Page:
Search Images Maps Play YouTube News Gmail Drive More »
Sign in
Screen reader users: click this link for accessible mode. Accessible mode has the same essential features but works better with your reader.

Patents

  1. Advanced Patent Search
Publication numberUS4823014 A
Publication typeGrant
Application numberUS 07/065,569
Publication dateApr 18, 1989
Filing dateJun 23, 1987
Priority dateJun 27, 1986
Fee statusPaid
Publication number065569, 07065569, US 4823014 A, US 4823014A, US-A-4823014, US4823014 A, US4823014A
InventorsMamoru Miyawaki
Original AssigneeCanon Kabushiki Kaisha
Export CitationBiBTeX, EndNote, RefMan
External Links: USPTO, USPTO Assignment, Espacenet
Position detecting device usable with an object having a surface
US 4823014 A
Abstract
A position detecting device, usable in a projection exposure apparatus for optically projecting a pattern of a reticle upon a wafer by use of a projection lens system, for detecting the position of the wafer with respect to an imaging plane of the projection lens system is disclosed. The position detecting device includes a light source from which light is projected upon the surface of the wafer. The light reflected by the wafer surface is converted by a photoelectric converting element into an electric signal, on the basis of which the position of the wafer is detected. Upon the projection of the position detecting light, the light is controlled by an optical integrated-circuit such as an optical waveguide type element. This allows, with a simple and compact structure, the irradiation of the wafer surface with lights of different wavelengths from plural light sources and/or the irradiation of different locations on the wafer surface with the light.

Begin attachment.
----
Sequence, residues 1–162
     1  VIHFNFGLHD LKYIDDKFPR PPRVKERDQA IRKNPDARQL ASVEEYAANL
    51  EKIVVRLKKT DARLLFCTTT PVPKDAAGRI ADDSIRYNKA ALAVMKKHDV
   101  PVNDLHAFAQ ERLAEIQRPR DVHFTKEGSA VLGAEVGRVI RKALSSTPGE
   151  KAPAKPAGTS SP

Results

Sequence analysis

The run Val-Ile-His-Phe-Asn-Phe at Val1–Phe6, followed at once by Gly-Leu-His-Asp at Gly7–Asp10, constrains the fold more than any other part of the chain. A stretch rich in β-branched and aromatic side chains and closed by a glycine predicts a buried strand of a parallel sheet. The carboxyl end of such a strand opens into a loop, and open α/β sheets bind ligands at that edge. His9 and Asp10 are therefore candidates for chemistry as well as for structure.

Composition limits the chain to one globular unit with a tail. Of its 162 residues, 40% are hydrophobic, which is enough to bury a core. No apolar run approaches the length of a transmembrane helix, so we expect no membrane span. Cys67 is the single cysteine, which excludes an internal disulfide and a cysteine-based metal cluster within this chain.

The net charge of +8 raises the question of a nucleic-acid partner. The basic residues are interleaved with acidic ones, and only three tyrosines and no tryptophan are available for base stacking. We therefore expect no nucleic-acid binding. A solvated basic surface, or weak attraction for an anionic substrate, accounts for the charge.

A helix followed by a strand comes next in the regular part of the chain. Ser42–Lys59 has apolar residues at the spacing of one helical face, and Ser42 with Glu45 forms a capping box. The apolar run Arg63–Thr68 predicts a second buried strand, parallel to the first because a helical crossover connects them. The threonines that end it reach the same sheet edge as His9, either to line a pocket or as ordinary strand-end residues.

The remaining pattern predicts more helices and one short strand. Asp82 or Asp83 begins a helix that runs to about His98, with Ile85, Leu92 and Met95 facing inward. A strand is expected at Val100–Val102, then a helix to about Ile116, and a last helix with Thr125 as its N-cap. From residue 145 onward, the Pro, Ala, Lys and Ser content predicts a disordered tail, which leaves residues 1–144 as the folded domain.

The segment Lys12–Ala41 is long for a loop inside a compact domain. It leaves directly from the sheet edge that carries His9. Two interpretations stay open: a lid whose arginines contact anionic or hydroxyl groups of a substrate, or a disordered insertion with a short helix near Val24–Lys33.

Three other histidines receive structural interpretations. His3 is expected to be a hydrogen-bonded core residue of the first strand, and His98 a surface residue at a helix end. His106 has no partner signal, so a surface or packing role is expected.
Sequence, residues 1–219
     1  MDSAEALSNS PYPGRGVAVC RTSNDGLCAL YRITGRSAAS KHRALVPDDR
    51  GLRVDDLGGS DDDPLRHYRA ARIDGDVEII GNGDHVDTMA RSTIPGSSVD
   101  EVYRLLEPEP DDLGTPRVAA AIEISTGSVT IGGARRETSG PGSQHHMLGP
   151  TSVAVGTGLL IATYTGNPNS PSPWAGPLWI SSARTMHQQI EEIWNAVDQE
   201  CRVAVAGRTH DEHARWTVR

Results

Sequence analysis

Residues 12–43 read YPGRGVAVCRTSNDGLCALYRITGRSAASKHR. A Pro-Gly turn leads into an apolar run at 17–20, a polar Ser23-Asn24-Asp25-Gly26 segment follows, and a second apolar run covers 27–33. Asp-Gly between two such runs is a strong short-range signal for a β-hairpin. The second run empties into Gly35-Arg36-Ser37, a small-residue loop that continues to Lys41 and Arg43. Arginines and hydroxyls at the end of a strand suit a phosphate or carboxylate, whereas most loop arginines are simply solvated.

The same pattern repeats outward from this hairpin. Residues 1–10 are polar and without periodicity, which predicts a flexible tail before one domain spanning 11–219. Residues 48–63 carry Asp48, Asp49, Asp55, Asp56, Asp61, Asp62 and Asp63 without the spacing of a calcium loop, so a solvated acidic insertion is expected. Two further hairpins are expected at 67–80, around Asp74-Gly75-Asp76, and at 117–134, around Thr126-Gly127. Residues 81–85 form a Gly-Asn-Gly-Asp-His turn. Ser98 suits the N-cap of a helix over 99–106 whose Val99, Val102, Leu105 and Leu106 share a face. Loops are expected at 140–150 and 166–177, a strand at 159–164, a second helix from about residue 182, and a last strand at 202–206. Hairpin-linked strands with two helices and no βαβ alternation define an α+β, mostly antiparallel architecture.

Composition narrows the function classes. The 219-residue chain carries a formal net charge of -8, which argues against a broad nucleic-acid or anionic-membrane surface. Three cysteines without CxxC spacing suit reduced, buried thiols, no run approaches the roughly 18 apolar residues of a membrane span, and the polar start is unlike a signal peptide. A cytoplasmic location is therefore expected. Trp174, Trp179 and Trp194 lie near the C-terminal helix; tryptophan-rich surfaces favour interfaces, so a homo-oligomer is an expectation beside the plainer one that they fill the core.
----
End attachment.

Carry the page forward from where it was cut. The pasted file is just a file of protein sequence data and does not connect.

Images(3)
Previous page
Next page
Claims(9)
What is claimed is:
1. A device for detecting the position of an object, said device comprising:
a plurality of light sources from which lights advance along respective light paths;
an optical waveguide type path combining element for combining the light paths for the lights from said light source into one light path;
light guide means for guidingly directing, inclinedly to the object, the light coming along said one light path from said path combining element;
photoelectric converting means for receiving the light reflected from the object and for producing a signal in accordance with the light reception; and
means for detecting the position of the object in accordance with the signal produced by said photoelectric converting means.
2. A position detecting device usable with an object having a surface, said device comprising:
light emitting means for emitting light, said light emitting means comprising a plurality of light sources for producing lights which are different in wavelength;
light guide means for guiding the light from said light emitting means so that the light is projected inclinedly upon plural locations on the object, said light guide means including a waveguide effective to combine the lights from said light sources;
photoelectric converting means for receiving the light reflected from the surface and for producing an electric signal corresponding to the position of incidence of the reflected light upon said photoelectric converting means; and